Best wishes,


  9. Wed 08th Nov 2006 at 6:23 pm

    My intentions were not to blame republicans and do not think I insinuated this. If I did I apologize. As far as politicians not shipping jobs overseas, I agree with you. However, the policies they support and enact affects many aspects of the economy. Ultimately though, CEOs ship jobs overseas. DeVos lobbied for, and then instituted in his own business, the Bush trade and outsourcing policies that have hurt Michigan so badly. CEO DeVos cut over 1,000 jobs at Amway, while investing $200 million to create jobs in China. Therefore, DeVos is not the solution to our economic problems.

    Very respectfully,


  10. Wed 08th Nov 2006 at 9:26 pm

    DeVos is a crook, pure and simple. He’s no one’s solution to anything, other than the need to fill one more jail cell.


  11. Wed 08th Nov 2006 at 9:54 pm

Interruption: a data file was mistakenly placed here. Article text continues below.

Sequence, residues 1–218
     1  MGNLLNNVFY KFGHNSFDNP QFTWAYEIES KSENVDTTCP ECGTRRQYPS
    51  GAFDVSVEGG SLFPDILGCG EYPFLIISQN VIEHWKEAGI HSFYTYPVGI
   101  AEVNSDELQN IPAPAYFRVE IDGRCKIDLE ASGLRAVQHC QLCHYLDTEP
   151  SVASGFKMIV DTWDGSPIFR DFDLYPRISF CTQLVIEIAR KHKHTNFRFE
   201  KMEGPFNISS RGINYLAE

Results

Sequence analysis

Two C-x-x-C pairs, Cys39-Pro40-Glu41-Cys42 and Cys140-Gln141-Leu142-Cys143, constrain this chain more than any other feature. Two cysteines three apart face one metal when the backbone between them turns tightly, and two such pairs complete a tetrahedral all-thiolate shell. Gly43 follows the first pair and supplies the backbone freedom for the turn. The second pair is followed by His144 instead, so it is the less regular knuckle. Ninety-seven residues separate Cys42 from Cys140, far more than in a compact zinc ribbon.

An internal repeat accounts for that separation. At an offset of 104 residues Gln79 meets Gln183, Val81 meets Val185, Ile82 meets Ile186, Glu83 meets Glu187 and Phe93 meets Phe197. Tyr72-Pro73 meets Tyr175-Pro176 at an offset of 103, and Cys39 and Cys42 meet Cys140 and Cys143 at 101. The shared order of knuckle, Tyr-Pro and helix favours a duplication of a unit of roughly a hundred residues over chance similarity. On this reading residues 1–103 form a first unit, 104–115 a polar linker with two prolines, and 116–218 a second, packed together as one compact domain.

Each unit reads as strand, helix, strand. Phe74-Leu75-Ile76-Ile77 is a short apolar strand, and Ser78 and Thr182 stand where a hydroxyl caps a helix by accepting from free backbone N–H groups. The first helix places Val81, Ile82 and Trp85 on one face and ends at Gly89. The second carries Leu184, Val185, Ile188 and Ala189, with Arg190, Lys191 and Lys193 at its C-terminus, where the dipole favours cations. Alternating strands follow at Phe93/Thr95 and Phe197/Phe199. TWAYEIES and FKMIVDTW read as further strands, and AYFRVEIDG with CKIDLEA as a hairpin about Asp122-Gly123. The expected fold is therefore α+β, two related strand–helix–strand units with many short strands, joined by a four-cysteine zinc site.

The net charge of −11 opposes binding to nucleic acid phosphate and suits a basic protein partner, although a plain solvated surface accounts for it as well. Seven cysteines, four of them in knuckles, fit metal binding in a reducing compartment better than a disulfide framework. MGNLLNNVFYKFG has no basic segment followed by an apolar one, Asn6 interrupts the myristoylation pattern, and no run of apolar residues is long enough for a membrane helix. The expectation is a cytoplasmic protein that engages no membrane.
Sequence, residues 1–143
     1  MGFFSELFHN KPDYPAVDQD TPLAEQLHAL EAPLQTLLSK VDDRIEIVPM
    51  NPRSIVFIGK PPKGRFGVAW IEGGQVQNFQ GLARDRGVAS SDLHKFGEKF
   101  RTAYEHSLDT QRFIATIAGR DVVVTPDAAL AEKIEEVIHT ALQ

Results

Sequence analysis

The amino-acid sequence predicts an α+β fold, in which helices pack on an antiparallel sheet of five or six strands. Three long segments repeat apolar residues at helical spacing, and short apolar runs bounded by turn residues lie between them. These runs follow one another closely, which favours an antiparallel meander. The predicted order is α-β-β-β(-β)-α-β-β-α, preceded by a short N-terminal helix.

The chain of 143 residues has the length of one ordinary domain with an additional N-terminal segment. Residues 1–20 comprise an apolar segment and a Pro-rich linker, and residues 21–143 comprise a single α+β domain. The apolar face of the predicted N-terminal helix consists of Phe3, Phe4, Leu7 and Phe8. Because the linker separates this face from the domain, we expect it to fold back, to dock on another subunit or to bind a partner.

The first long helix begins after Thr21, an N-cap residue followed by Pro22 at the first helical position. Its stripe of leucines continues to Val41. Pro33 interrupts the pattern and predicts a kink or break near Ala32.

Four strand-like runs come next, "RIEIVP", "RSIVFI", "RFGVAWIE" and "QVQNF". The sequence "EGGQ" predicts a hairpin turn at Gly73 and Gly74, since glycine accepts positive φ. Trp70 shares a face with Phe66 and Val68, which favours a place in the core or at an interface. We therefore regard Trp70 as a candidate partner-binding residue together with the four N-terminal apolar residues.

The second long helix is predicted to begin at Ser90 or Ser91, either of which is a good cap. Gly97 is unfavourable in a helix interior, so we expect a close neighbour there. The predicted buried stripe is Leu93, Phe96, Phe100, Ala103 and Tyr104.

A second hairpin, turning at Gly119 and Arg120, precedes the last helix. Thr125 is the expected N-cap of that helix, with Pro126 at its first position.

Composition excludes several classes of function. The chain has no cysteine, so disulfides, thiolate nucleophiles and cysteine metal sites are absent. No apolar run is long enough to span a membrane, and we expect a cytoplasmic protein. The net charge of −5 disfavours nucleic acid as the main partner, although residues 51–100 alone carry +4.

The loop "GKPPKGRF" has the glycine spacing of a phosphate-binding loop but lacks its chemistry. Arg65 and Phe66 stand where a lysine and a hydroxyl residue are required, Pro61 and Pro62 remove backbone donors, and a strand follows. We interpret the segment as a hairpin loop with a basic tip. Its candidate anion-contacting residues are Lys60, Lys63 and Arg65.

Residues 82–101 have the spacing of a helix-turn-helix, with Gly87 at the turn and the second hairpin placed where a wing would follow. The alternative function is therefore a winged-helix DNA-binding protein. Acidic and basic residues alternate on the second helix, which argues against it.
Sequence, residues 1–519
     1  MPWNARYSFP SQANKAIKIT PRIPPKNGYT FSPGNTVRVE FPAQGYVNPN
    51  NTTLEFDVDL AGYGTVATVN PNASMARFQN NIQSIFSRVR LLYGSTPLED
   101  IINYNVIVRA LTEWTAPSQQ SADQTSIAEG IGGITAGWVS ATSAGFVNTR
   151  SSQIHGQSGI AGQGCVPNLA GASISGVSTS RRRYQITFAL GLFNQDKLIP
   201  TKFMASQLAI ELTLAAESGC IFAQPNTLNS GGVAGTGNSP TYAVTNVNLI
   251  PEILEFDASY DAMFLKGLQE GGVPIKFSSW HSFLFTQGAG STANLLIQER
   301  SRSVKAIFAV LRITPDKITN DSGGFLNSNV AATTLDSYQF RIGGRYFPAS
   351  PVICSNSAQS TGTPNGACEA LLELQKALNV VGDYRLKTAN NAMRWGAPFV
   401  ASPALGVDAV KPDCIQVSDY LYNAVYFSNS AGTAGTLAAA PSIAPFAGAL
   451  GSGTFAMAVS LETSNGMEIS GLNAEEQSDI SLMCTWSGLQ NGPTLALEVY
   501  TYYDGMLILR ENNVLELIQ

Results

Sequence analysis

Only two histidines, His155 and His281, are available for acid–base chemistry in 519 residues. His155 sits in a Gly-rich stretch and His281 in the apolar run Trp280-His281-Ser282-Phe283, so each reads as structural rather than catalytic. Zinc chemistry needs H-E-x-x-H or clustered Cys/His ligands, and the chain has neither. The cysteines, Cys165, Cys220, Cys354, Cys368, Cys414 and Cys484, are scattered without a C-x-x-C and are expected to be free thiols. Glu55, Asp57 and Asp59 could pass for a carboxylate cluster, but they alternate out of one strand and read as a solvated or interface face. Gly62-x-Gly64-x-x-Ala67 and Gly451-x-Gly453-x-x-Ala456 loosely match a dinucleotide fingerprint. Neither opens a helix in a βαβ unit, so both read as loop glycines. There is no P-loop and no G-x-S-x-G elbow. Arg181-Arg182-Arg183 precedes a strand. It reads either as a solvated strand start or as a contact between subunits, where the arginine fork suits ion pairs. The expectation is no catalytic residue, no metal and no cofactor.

LOL J.D. I agree. Imagine how many jail cells could be filled with crooked politicians!

  12. Mark Peters
    Thu 09th Nov 2006 at 8:56 am


    No need to apologise. You’re entitled to your views, as much as the next person. I’m not a Republican anyway.

    Personally, I don’t like seeing people with business or union interests directly involved in politics. The problems posed by conflict of interest are obvious. When you take a purely economic decision (which he apparently did), it is bizarre to expect the population to vote for you. At the end of the end day, his decision was paid for in political capital. The beauty of democracy!

    By the way, with reference to China, they hold nearly the whole of the US debt. I seriously think the US needs to address their balance of payments, and whose hands you’re swiftly falling into.

    Best wishes,


  13. Jim Morgan
    Thu 09th Nov 2006 at 11:05 am


    Been trying to reach you. Please contact me by phone or email asap.